Here are the recommended Phase 1 Encryption and Authentication list:
    1. AES128, SHA256
    2. 3DES, SHA256

    And here is the recommended Phase 2 Encryption and Authentication list:

    1. AES256GCM
    2. AES256, SHA1
    3. 3DES, SHA1
    4. AES256, SHA256
    5. AES128, SHA1

    The recommended settings are described in this article: https://docs.microsoft.com/en-us/azure/vpn-gateway/vpn-gateway-about-vpn-devices

  • Derek G

    Set this up with a FortiWiFi 60D-POE v5.6.0. I had an issue with Phase 2, got a mismatch error “peer SA proposal not match local policy”, had to use AES256, SHA256. Everything else worked great.

    • Sukrit Phiboon

      Hi Derek,

      Can you show the configurations of both (phase1 and phase 2).

      Thanks.

  • Alex

    The Diffie-Hellman Group and the Key Lifetime (seconds) settings presented here is valid earlier and upon our discovery, the these configurations are not valid anymore and this will disconnect your connection to Azure. The settings for Diffie-Hellman Group is 5, 2,1 (check all these numbers) while the Key Lifetime (in seconds) should be 28800. Refer to the image attached. Comments please from Fortigate team needed. Our current setup by the way is Fortigate 100e with OS 5.6 GA. https://uploads.disquscdn.com/images/6948aa1f434d6bead94e0355e4687d7cf65381d6c893435881e3992d5ade1336.png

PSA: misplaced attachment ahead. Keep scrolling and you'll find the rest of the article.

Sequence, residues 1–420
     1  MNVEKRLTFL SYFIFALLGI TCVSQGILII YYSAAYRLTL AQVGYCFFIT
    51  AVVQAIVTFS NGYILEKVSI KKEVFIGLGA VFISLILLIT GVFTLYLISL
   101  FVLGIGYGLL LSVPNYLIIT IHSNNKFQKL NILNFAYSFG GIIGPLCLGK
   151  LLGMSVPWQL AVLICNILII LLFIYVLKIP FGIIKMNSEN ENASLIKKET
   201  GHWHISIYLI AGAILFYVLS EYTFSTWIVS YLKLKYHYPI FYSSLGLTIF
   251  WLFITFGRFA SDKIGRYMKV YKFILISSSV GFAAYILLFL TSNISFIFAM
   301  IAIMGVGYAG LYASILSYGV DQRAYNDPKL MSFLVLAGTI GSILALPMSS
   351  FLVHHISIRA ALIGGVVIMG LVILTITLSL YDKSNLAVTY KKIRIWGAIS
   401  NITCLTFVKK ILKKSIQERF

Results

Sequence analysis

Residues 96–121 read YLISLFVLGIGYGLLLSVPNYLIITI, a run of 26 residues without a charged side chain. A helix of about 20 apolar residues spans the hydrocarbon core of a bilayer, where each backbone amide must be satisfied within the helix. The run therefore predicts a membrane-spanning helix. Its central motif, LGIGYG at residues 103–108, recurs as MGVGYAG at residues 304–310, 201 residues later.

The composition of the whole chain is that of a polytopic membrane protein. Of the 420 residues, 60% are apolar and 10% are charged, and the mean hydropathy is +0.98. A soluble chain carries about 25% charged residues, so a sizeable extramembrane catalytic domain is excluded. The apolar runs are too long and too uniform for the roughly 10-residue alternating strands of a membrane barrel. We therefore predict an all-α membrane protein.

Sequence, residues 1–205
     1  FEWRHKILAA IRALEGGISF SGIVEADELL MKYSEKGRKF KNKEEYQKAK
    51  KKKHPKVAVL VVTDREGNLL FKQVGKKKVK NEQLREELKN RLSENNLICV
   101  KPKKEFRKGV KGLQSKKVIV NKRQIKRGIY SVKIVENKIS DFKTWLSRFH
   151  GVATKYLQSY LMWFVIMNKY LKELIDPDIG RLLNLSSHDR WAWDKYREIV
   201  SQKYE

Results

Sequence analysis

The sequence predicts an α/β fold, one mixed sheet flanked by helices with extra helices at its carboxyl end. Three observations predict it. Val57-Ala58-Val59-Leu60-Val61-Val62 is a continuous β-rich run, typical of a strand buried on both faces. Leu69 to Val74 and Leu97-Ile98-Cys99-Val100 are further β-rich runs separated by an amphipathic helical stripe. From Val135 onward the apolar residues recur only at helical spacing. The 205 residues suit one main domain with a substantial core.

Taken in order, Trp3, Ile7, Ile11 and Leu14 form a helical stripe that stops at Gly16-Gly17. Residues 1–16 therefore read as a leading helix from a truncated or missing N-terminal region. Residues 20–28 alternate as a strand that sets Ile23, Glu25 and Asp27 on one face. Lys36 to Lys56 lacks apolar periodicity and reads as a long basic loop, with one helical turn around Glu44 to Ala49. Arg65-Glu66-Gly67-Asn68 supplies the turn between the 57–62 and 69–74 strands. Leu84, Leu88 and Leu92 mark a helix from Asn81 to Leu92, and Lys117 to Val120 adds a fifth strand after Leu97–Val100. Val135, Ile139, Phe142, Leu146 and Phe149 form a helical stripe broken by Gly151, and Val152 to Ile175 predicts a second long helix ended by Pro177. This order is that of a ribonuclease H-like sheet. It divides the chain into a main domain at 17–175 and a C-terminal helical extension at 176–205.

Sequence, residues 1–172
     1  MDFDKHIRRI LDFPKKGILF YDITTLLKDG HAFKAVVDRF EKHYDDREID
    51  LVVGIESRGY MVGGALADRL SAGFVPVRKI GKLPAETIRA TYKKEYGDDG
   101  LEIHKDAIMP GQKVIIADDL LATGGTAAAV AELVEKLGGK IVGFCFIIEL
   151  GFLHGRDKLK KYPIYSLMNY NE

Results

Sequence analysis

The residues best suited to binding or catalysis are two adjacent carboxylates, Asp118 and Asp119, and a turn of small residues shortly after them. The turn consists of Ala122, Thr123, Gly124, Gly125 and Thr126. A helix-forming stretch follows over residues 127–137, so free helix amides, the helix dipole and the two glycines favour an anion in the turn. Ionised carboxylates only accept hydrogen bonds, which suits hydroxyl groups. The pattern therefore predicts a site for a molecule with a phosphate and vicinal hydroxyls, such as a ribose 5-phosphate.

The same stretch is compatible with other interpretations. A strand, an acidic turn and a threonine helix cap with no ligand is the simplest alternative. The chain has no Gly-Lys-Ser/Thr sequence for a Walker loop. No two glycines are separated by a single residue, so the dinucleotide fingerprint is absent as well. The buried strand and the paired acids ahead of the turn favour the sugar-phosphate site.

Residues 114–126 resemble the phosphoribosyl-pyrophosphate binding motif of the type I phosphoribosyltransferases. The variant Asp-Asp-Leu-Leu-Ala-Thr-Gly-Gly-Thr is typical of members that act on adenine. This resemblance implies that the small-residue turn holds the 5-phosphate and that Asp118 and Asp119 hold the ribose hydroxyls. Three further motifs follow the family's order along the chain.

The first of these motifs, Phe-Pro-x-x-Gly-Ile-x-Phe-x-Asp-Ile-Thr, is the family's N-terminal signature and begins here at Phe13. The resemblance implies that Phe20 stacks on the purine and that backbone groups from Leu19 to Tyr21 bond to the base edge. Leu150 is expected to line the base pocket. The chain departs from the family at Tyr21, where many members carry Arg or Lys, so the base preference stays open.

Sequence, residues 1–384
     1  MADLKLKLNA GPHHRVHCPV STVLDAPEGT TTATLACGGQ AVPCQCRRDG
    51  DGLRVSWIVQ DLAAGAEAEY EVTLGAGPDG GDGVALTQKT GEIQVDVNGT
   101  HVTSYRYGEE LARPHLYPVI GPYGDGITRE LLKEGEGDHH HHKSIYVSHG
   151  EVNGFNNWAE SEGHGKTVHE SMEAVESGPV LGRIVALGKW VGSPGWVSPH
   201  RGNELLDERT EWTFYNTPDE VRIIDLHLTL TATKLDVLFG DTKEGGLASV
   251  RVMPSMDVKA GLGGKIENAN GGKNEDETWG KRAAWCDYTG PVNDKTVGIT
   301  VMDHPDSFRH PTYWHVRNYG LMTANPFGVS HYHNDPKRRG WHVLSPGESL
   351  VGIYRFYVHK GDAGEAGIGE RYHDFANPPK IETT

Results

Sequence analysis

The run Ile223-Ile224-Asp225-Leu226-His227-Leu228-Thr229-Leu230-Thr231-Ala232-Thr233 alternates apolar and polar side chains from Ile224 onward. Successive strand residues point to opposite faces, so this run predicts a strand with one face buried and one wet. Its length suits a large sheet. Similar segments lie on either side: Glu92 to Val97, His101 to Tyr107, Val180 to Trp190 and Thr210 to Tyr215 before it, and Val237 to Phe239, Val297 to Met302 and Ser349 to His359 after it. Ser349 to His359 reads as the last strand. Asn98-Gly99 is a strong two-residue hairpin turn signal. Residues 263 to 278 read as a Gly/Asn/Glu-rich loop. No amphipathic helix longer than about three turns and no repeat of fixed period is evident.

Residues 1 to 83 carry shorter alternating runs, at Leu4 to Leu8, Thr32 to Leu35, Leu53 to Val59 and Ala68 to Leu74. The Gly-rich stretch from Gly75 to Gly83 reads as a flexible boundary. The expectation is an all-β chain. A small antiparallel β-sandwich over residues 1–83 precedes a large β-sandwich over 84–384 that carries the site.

• Keith Leroux

      Thanks Alex! The DH Groups and Key Lifetime were recommended by Azure when we wrote this recipe. I’ll have to return to testing, since it appears that Azure has changed the requirements.

  • Moi

    Why had every forticook different timers and proposals to Azure?

    • Keith Leroux

      Hi Moi, the short answer is that Azure changes the requirements for their endpoint to establish the tunnel.